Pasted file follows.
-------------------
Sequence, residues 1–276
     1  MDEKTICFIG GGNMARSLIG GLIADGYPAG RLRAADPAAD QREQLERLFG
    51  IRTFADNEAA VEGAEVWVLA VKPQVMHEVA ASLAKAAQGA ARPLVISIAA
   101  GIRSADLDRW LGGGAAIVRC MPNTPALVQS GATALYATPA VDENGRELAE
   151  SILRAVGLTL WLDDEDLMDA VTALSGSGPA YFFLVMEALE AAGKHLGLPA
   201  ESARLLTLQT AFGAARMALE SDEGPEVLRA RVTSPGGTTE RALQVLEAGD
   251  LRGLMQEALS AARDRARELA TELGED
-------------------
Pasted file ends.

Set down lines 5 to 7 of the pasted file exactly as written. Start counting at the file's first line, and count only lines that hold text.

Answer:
   151  SILRAVGLTL WLDDEDLMDA VTALSGSGPA YFFLVMEALE AAGKHLGLPA
   201  ESARLLTLQT AFGAARMALE SDEGPEVLRA RVTSPGGTTE RALQVLEAGD
   251  LRGLMQEALS AARDRARELA TELGED